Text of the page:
There are different kinds of arthritis. Rheumatoid arthritis or RA can be defined as an autoimmune disease that affects and causes joint pain and damage throughout the body. One of the ways you can distinguish between rheumatoid arthritis and osteoarthritis (OA) is that when you have rheumatoid arthritis and you experience joint pain and damage on one side of your body, it’s quite likely that the other side of your body will be affected too. For instance, if the joint on the right side of your arm or leg is affected, your left arm or leg will be affected too.
For the treatment to work best, it’s essential that you get treated as early as possible. That’s why it’s important that you know the signs and symptoms to be on the lookout for. This article will provide a comprehensive overview of rheumatoid arthritis, its signs, and symptoms, home remedies you can use, dietary changes you should make etc.
You shouldn’t let pain control your life.Here’s what you should do:
- Open jars using your upper arm. When opening jars don’t use your hands and fingers to open, rather, rely on strength from the upper part of your body. Do this by placing the jar on a piece of cloth and then open the jar with your hand while leaning on that arm with all of your body weight. This ensures that you open the jar with weight from your shoulders rather than from your wrists and fingers.
- Use rubber bands. Make use of rubber bands or dry and damp sheets to give you a better grip of any jars or bottles that you want to open. Use a thick rubber band for big jars and thinner bands for smaller jars.
- Use electrical gadgets. Instead of doing things manually, use electrical appliances. For instance, use blenders and food processors instead of whisking, chopping and mincing things manually. Doing tasks manually and repeatedly can cause your joints to ache. You can even use an electric jar opener.
- Use efficient tools. To make your tasks easier, use tools such as automated toilet bowl cleaners and spray on mildew remover. Also, consider using knives which have bigger handles when you are cooking so you can make tasks in the kitchen easier.
- Avoid carrying heavy things. Instead of carrying a large pot of water, consider carrying the water in small cups. Put the pot on the stove while it’s still empty and then fill it up the cup by cup. Alternatively, you can put the pot of water on a cart that can be rolled.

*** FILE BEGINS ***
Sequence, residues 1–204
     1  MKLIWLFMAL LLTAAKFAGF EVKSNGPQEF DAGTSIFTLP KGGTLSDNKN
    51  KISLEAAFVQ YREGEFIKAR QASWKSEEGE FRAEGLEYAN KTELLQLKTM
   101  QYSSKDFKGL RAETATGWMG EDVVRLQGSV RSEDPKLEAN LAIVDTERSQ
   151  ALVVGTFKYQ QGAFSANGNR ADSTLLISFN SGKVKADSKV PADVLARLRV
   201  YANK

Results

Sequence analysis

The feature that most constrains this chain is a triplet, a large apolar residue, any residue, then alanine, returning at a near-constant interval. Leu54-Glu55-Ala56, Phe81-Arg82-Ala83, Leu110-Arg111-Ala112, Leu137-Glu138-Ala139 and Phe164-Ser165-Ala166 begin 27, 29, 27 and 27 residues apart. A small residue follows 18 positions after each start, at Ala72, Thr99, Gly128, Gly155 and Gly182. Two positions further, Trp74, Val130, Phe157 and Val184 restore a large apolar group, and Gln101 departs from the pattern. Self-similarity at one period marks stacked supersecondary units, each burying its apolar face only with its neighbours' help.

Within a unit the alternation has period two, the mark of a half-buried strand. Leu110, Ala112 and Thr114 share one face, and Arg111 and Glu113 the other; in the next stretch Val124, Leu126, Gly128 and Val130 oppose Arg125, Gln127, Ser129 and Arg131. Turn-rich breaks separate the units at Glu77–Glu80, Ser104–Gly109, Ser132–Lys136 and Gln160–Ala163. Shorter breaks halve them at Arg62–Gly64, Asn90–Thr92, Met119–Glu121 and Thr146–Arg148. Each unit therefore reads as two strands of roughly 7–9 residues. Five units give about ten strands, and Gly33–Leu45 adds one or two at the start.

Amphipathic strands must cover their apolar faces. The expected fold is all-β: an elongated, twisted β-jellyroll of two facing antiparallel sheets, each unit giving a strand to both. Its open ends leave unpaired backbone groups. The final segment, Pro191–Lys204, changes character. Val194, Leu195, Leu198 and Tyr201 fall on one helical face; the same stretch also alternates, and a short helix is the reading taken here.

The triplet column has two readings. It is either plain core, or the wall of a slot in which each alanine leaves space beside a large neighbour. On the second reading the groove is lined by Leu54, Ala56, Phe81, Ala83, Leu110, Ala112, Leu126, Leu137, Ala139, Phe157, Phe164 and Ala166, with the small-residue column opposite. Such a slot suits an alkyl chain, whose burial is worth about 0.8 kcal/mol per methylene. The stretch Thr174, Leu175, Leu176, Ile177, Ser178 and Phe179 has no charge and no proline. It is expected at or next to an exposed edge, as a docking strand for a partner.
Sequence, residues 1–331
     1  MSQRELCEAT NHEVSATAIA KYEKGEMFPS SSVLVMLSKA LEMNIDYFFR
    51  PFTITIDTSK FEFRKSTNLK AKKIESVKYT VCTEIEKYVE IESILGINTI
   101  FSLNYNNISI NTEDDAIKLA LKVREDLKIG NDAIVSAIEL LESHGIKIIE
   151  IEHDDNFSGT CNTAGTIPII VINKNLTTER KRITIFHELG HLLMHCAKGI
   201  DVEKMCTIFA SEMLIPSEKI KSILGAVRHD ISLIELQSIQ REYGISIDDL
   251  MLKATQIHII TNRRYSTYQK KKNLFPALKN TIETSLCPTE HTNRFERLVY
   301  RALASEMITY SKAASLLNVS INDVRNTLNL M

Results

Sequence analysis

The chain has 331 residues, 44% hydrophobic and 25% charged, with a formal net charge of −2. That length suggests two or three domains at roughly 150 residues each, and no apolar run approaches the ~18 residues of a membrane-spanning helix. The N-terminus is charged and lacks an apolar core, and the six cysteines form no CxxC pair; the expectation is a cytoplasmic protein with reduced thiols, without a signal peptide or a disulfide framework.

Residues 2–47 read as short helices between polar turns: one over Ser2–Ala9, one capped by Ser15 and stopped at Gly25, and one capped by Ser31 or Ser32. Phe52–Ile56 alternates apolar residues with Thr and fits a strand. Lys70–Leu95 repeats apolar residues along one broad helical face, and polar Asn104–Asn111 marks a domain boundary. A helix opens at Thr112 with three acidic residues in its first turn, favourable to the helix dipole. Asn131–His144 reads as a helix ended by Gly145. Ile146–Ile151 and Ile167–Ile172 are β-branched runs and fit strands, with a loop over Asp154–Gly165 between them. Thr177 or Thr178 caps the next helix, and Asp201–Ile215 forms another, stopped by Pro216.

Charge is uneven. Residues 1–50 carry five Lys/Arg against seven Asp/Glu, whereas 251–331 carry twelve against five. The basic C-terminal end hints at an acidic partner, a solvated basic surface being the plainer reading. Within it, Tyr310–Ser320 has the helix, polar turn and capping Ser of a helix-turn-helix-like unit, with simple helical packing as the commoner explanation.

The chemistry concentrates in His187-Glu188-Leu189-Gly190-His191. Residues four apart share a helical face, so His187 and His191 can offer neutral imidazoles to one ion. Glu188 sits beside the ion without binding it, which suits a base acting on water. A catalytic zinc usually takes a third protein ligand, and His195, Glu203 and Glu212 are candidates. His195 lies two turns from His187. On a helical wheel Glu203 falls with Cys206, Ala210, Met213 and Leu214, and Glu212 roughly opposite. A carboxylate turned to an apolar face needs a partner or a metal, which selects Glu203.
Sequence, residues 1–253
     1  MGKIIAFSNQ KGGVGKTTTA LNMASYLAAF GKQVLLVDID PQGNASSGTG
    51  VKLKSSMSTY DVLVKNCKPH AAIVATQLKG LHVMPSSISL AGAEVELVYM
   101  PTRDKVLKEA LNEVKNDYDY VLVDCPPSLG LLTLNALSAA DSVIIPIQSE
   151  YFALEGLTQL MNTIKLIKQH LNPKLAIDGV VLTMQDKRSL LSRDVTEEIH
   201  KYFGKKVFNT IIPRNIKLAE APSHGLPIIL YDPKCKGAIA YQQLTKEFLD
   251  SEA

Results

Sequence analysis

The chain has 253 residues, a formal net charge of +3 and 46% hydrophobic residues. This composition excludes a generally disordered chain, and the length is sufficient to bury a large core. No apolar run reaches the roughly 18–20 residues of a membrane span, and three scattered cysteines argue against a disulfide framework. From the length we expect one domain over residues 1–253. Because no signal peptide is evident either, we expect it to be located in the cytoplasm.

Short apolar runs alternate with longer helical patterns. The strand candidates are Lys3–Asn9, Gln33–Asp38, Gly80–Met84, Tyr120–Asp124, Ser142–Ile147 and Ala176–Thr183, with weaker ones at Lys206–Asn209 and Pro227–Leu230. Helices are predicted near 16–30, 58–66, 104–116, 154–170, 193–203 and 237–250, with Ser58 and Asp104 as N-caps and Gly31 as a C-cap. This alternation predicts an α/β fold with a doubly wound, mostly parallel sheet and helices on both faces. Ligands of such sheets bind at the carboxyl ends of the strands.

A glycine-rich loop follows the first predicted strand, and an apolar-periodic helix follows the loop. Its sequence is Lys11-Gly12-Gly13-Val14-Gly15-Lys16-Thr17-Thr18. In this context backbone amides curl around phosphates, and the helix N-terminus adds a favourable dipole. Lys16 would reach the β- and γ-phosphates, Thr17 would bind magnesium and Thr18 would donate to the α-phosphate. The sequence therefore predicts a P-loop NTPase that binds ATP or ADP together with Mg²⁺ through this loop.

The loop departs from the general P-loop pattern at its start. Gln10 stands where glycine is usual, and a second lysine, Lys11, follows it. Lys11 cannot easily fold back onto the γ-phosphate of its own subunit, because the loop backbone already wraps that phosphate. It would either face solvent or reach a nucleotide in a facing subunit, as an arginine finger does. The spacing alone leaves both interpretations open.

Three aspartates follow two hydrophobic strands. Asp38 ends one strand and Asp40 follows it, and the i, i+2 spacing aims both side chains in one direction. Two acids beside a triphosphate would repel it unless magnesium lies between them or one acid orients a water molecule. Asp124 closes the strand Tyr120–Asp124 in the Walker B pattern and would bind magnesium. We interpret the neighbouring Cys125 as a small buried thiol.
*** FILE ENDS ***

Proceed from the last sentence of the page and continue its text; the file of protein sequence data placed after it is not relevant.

- Keep things within reach. Avoid bending and stretching all the time by putting stuff that you need in easy-to-reach places. In addition to this, spreading out the things you use regularly in different places in the house might make your work easier. For instance, put cleaning supplies both in the bathroom and in the kitchen.
- Keep up with dental hygiene. It can be quite painful for you to brush your teeth daily due to the small size of the handle. Create a bigger extension by cutting open a small part of a tennis ball and then insert your toothbrush handle in this opening. This will give you a better grip on your toothbrush when you’re brushing your teeth.
- Be a savvy shopper. When you go shopping, choose paper packing bags instead of plastic. This is because you can grip paper shopping bags with your arms instead of your fingers. If you happen to use plastic bags, then loop the plastic over your forearm instead of gripping it with your fingers. Just make sure not to let it slide up to your elbows since they don’t provide the required support.
- Make stairs less painful. When climbing up the steps, always start with your stronger leg. Then when going down the stairs start with the weaker leg and then follow with the stronger one. This will make your knees and hips strain less.
- Use scissors to open packages. Instead of tearing open condiment packages with your bare hands, always carry around a pair of scissors that you can use even when you are on the go. Use the scissors to cut open the packages. If possible, use a pair of scissors with long handles that have been specifically made for people who have arthritis.
- Do less cooking. Cook, less so you can apply less pressure on your joints. You can do this by cooking excess amounts of food so that you can freeze to use on other days. This will reduce the total amount of cooking you have to do. You can also opt to use a slow cooker so that you can just put the ingredients you need in the cooker and turn it on and leave the food to cook on its own. You can even use a microwave.
- Zip up with a key ring. It can be quite challenging to grip a small zipper. To make things easier, slip a key ring or piece of ribbon into the zipper so that you can use it to pull the zipper up or down.
- Minimize how much you use your hands. For instance, when you’re opening a door that’s heavy, instead of using your fingers or arms to push it open, push the door open with your shoulders instead.
- Don’t overwork or over exercise. While it’s good for you to get regular exercise, don’t get carried away and overwork yourself. For instance, instead of doing a 30-minute exercise at a go, consider breaking it up into three 10-minute sessions throughout the day.
- Move around. Don’t stay seated or standing in one place for long periods of time, as this can cause your joints to become more rigid. Get up every 15 minutes to stretch when you’re sitting on a chair, like when you’re watching TV. You can also keep shifting from one position to another one.